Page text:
Study Shows Share of Rent-Burdened Households Declining, Affordability Challenges Remain
A recent report by the NYU Furman Center entitled “2017 National Rental Housing Landscape: Renting in the Nation’s Largest Metros” examined rental housing trends from 2006 to 2015 in the 53 metropolitan areas with populations over one million in 2015, with a particular focus on the economic recovery period beginning in 2012.
The report found that the share of rent-burdened households—those that spend more than 30 percent of their income on housing—in the nation’s 53 largest metro areas dropped by 1.2 percent to 47.7 percent between 2012 and 2015. Despite positive signs, the report also shows that the number of rent-burdened households is still far above pre-recession figures, and rent grew faster than inflation in nearly every major metro area.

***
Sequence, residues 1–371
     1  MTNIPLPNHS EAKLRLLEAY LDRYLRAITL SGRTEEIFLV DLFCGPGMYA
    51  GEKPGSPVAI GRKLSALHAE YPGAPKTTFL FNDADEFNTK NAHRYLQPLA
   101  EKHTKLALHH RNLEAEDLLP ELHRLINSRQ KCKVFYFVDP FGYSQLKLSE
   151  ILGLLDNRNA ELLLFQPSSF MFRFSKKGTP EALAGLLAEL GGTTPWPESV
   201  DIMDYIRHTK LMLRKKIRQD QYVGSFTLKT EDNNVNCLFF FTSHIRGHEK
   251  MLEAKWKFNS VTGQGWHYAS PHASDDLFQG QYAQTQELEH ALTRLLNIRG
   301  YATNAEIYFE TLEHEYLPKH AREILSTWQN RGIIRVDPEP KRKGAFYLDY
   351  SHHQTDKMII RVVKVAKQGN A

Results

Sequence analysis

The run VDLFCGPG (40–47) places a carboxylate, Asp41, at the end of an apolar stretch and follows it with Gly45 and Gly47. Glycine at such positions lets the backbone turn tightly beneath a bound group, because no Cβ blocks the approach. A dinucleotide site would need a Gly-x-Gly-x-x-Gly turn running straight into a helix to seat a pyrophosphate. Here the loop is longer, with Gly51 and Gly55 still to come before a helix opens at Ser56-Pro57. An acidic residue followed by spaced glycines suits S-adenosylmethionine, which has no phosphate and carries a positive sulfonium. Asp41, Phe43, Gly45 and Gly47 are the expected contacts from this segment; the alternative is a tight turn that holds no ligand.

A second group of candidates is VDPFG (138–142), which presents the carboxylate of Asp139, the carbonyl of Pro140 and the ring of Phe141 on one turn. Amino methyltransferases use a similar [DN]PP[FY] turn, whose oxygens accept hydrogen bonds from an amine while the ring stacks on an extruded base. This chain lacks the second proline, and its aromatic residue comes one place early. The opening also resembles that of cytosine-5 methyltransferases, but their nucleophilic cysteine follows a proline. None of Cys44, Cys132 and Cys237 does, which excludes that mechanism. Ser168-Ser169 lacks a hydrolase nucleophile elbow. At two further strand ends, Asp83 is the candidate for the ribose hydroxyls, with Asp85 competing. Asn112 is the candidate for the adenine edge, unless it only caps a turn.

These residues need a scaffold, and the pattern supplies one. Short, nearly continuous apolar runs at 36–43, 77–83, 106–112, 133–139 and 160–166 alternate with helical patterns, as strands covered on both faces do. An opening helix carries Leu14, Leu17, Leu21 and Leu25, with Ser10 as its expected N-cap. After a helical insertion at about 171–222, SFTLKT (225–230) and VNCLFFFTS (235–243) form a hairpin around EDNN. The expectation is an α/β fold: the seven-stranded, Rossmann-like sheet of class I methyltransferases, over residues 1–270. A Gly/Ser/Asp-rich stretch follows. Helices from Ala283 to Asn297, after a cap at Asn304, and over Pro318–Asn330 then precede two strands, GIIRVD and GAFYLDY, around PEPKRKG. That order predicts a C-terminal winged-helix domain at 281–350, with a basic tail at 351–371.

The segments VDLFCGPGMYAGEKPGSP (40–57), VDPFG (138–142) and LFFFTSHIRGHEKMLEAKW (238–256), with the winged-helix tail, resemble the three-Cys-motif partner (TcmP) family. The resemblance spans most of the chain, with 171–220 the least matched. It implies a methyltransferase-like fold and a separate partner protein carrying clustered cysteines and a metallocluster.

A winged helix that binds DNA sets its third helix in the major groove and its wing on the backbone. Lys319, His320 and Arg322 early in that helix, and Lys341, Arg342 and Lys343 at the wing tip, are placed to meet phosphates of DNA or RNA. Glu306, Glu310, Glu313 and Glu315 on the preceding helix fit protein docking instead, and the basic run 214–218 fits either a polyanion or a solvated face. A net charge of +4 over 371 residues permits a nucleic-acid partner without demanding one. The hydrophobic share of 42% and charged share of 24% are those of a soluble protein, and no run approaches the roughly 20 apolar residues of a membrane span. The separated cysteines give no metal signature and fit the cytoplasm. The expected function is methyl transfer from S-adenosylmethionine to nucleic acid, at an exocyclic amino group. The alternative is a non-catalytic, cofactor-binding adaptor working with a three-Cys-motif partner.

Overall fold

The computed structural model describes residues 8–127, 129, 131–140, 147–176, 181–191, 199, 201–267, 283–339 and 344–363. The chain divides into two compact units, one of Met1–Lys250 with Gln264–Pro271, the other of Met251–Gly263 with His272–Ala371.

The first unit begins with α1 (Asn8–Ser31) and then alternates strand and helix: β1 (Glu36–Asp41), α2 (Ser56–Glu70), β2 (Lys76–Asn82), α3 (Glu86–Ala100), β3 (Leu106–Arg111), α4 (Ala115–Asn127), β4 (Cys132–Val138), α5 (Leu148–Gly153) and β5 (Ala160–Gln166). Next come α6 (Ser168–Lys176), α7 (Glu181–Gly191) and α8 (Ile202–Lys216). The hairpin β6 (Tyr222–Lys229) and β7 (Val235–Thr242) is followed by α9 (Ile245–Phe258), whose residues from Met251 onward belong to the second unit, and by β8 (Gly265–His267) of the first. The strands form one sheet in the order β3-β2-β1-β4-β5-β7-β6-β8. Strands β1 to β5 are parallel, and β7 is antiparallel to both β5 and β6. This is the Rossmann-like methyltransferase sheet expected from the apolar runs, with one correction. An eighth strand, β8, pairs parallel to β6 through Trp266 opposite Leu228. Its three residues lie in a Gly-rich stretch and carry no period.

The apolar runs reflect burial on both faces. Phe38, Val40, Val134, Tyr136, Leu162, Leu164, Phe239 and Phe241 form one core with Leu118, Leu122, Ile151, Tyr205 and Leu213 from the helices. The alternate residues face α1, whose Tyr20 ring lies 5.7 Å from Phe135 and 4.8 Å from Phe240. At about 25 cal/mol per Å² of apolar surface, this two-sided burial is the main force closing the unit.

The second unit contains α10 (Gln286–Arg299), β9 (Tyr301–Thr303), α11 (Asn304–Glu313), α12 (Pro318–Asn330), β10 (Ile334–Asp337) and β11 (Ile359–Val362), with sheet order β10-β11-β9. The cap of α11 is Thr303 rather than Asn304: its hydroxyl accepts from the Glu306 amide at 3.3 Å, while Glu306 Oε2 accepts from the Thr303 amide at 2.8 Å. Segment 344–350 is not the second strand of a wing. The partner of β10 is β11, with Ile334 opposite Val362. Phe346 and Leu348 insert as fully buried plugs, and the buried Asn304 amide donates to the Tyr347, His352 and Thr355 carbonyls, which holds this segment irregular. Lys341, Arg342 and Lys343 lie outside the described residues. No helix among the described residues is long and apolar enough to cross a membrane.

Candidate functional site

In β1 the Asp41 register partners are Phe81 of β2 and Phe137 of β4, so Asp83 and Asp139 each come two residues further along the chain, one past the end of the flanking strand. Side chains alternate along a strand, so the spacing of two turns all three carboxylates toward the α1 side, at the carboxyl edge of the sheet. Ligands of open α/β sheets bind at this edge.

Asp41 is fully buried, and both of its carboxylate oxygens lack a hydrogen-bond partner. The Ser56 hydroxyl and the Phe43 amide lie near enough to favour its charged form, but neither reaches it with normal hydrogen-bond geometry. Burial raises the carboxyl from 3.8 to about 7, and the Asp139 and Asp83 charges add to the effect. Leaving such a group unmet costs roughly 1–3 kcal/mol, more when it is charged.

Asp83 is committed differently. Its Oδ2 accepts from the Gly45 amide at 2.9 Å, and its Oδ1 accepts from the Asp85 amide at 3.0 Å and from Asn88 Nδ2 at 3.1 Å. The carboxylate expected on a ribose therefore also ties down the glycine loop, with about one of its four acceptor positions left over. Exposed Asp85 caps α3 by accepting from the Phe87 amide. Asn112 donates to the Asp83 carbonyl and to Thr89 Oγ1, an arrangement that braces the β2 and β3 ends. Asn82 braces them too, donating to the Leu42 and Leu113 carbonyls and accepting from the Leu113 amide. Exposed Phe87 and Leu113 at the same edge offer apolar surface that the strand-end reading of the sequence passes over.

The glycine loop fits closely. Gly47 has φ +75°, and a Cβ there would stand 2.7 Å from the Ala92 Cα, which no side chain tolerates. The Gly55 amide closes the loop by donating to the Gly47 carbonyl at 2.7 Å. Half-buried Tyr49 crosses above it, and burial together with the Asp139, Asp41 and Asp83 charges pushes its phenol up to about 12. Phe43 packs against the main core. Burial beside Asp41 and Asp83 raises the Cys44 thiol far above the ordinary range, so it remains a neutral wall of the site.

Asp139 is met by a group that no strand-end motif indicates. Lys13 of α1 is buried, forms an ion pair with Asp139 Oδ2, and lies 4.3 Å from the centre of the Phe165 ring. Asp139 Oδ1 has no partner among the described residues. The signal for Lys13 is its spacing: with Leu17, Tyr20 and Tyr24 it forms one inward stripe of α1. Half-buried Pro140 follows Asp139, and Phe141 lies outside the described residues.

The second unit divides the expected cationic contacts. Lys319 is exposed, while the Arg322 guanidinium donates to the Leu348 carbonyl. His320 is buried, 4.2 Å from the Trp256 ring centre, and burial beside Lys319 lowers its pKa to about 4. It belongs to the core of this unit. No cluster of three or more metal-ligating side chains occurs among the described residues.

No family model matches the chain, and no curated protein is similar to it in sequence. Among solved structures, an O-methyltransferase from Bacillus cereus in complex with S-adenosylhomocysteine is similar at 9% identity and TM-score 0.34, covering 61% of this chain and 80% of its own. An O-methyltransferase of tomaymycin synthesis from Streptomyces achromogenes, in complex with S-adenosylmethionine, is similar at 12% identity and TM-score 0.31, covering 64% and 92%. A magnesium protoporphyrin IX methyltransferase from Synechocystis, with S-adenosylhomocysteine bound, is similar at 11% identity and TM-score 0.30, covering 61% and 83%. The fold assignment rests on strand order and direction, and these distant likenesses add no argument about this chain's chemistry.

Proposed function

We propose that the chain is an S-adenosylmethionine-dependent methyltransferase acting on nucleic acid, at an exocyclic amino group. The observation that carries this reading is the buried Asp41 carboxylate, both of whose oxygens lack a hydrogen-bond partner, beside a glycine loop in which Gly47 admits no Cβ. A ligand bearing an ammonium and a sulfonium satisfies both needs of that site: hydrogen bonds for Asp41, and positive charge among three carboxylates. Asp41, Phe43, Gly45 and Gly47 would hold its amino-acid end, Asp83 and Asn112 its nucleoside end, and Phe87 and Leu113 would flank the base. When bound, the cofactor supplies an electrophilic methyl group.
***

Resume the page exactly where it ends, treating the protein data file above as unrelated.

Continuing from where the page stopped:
The report also shows that rents continued to rise, and rose more quickly in metros that already had high rents. The income of the typical renter household increased along with overall incomes in the economic recovery period, but more of the renter households were highly educated, had higher incomes, and were employed. Therefore, not all of the measured increase in renter income was due to renters making more income per se; rather, part of it was due to a shift in who was choosing to rent.
Although the report shows that the share of rent-burdened households declined recently in most metros, it points out that this fact masks affordability challenges for lower income renters, particularly those who have not benefitted from the general rise in incomes that come with falling unemployment rates. These include retirees and others on fixed incomes or who are not in the labor force. As rents continue to rise in most metros, the report points out that those renters may experience only the rent increases without the benefit of rising incomes.